photo – furryscale
This highly venomous scorpion residing primarily in North Africa and the Middle East is responsible for over 75% of scorpion related deaths every year. Although healthy adults usually only feel unbearable pain, children that are envenomated suffer fever, coma, convulsions, and paralysis before their lungs fill up and they drown in their own fluids.
photo – Daniel Plumer
An experiment gone wrong, in 1957 a Brazilian bee keeper who was trying to interbreed European and African honey bees accidently let some of his “pets” get away. Much more aggressive than their European counterparts, these genetically mixed “killer bees” have since then spread through out the Americas. They have come to be feared in some regions because of their tendency to swarm relentlessly and aggressively chase their victims for miles.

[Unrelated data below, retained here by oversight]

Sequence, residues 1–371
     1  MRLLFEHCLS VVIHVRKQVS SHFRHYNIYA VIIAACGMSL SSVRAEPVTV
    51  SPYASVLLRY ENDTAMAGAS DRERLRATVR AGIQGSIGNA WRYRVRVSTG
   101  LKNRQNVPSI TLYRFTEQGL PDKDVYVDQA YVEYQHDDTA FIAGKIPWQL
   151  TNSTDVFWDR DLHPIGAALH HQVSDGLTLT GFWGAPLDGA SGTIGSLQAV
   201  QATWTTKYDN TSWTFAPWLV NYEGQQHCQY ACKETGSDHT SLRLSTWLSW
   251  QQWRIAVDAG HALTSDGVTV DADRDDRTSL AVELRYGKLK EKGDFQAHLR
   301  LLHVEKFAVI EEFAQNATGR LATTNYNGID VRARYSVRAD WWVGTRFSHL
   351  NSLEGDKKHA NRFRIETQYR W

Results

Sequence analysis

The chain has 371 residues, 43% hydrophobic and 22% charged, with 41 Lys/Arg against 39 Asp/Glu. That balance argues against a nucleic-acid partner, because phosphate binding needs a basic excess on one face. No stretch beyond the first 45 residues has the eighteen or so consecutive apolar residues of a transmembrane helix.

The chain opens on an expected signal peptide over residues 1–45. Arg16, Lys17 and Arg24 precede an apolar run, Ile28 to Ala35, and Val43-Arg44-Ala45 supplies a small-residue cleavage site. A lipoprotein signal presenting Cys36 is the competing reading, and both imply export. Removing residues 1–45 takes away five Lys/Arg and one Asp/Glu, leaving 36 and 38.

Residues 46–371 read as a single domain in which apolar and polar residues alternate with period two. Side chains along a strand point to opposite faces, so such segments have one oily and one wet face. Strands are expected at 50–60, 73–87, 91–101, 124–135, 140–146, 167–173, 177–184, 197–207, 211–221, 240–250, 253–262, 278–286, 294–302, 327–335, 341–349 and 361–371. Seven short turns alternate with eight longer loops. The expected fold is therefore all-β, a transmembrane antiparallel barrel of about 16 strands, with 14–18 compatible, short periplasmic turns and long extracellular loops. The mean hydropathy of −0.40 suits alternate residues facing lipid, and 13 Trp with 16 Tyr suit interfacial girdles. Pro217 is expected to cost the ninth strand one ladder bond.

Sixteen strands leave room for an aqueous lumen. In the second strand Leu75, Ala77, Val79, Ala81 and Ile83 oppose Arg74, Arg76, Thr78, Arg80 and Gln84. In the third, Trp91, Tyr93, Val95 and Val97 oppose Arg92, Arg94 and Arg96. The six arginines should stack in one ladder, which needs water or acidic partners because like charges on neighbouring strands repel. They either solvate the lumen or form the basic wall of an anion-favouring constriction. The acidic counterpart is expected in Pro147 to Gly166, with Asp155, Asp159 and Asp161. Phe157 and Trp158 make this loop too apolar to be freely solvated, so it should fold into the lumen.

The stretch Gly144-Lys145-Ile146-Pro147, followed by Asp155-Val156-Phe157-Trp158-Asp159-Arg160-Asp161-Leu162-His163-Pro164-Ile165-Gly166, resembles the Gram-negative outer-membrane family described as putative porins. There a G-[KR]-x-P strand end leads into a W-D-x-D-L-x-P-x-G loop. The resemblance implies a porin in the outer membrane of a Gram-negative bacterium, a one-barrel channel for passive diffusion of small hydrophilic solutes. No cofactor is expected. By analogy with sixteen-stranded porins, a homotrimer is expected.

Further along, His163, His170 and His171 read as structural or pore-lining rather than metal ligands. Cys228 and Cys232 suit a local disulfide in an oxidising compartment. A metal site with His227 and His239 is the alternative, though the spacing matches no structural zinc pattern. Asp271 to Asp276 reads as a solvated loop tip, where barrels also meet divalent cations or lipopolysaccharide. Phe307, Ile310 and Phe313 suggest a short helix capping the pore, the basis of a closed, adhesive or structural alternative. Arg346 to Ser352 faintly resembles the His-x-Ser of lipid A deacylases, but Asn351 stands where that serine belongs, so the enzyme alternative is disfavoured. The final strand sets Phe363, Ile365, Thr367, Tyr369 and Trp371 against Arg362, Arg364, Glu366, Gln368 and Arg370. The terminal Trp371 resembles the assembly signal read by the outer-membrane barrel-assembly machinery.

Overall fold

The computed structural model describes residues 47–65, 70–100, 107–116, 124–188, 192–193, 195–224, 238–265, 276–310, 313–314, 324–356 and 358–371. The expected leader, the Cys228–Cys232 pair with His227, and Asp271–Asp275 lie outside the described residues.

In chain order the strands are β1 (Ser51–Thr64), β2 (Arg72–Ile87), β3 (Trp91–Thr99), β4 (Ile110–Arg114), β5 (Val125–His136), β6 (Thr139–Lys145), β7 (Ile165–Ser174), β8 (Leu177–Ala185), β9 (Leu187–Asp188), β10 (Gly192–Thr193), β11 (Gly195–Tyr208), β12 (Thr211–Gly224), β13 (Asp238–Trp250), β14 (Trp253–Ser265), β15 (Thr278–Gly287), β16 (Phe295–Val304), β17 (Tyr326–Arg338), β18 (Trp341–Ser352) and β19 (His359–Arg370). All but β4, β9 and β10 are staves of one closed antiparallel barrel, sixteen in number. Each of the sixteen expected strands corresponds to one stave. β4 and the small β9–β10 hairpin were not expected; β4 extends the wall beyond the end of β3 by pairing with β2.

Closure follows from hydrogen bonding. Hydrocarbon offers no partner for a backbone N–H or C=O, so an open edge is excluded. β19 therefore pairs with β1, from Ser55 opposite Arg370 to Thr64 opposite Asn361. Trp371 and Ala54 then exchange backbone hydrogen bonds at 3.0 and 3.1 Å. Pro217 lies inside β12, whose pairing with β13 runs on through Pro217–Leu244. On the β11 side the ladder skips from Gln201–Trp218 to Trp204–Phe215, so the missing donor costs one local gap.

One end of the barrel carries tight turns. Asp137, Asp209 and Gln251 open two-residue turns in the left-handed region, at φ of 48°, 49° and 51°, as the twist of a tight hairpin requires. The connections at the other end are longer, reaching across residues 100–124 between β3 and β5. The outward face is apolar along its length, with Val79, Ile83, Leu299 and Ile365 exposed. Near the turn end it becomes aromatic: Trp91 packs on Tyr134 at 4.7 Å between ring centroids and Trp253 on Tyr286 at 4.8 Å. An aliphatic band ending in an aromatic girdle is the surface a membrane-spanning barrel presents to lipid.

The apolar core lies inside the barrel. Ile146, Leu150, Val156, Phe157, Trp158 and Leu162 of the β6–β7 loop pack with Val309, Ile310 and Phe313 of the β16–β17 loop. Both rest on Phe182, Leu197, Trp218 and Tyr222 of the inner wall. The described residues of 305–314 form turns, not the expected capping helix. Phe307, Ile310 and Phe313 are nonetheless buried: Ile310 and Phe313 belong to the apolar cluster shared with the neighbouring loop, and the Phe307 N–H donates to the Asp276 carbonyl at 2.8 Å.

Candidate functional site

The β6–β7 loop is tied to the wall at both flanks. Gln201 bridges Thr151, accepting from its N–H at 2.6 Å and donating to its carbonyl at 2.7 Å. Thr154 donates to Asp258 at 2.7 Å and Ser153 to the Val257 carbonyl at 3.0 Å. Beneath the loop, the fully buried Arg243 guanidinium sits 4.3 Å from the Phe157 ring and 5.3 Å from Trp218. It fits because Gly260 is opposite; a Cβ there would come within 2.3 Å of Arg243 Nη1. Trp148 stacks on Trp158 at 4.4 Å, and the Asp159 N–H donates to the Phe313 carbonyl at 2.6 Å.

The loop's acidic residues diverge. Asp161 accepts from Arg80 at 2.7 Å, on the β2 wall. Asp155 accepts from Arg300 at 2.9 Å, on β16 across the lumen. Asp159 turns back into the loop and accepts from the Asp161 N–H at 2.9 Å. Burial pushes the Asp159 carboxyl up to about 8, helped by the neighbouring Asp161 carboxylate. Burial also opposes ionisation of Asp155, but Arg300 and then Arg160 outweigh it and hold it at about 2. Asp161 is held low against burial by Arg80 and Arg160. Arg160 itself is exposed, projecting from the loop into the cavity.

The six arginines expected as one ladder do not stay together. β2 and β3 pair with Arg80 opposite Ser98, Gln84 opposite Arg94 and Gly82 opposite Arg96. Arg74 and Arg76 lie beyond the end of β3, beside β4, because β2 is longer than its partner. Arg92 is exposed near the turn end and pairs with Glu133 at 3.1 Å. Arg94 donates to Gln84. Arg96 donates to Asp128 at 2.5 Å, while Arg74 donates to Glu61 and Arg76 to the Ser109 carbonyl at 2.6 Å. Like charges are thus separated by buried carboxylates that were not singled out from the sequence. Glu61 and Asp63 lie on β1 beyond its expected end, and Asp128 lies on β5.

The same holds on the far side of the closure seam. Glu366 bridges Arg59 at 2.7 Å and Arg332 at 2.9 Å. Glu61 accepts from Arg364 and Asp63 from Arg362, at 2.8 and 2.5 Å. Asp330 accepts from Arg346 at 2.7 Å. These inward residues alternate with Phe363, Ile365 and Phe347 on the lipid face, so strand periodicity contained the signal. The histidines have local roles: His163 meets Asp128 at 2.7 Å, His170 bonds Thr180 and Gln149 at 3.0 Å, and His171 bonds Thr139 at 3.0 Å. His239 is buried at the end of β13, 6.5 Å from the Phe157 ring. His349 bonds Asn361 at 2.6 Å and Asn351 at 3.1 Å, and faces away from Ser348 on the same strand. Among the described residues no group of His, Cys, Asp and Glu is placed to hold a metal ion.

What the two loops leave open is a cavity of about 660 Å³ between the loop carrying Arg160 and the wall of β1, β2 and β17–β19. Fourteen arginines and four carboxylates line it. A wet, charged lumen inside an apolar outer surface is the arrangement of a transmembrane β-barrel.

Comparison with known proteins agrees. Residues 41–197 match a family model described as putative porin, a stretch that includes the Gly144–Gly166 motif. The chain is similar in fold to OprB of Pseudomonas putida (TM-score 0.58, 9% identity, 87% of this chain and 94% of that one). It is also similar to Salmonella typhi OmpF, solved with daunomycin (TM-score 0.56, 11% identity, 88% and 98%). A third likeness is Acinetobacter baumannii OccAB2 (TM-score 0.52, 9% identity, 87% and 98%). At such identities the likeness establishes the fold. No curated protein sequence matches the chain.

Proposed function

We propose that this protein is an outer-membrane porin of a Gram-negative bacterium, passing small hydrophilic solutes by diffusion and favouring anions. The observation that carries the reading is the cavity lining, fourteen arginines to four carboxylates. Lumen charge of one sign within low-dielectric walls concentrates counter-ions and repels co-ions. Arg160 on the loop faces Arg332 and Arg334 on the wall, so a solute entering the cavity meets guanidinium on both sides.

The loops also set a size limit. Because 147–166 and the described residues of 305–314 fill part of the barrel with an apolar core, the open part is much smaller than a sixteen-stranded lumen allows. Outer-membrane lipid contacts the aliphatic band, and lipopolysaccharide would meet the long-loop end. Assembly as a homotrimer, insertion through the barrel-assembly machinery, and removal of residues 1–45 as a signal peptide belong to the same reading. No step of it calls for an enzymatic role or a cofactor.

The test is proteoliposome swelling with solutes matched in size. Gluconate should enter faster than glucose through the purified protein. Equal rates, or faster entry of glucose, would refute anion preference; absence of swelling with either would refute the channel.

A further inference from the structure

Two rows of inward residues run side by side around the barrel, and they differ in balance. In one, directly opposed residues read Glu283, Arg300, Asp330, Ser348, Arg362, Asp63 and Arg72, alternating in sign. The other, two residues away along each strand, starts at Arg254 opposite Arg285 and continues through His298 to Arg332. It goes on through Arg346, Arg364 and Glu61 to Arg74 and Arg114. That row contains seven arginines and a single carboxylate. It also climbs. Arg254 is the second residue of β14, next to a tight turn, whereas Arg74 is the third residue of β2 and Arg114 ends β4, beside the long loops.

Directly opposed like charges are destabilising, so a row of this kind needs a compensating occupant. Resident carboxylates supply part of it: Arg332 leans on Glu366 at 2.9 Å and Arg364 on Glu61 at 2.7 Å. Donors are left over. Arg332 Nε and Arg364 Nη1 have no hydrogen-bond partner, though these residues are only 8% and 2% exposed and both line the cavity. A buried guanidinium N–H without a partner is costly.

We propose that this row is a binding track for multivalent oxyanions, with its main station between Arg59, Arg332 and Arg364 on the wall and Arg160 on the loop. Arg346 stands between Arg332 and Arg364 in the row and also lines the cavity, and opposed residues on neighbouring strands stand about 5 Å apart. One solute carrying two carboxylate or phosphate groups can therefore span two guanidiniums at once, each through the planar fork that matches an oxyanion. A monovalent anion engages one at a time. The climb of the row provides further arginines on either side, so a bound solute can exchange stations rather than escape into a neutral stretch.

photo – jonathunder
Rhino related deaths are not an uncommon occurrence in many parts of the world. Having terrible eyesight, they are easy to startle and once they have you in their sights it can be hard to make an escape (unless you can run faster than 40 mph). See the horn? Enough said.
photo – gregthebusker
One drop of venom from this little bugger is enough to end 20 human lives. Sometimes colloquially known as the “cigarette snail,” it has been said that when you are stung by this creature, you’ll have just about enough time to smoke a cigaret before you stop breathing. It’s not like it matters anyway though…there is no antivenom.
photo – lazlo
Lying camouflaged on the ocean floor, this ugly little mass of destruction calmly waits for other fish to swim by before opening its jaws with lightning speed and consuming its prey…all in less than .015 seconds. Also known as the “worlds most venomous fish”, stepping on its spines will at best cost you your leg and at worst, your life.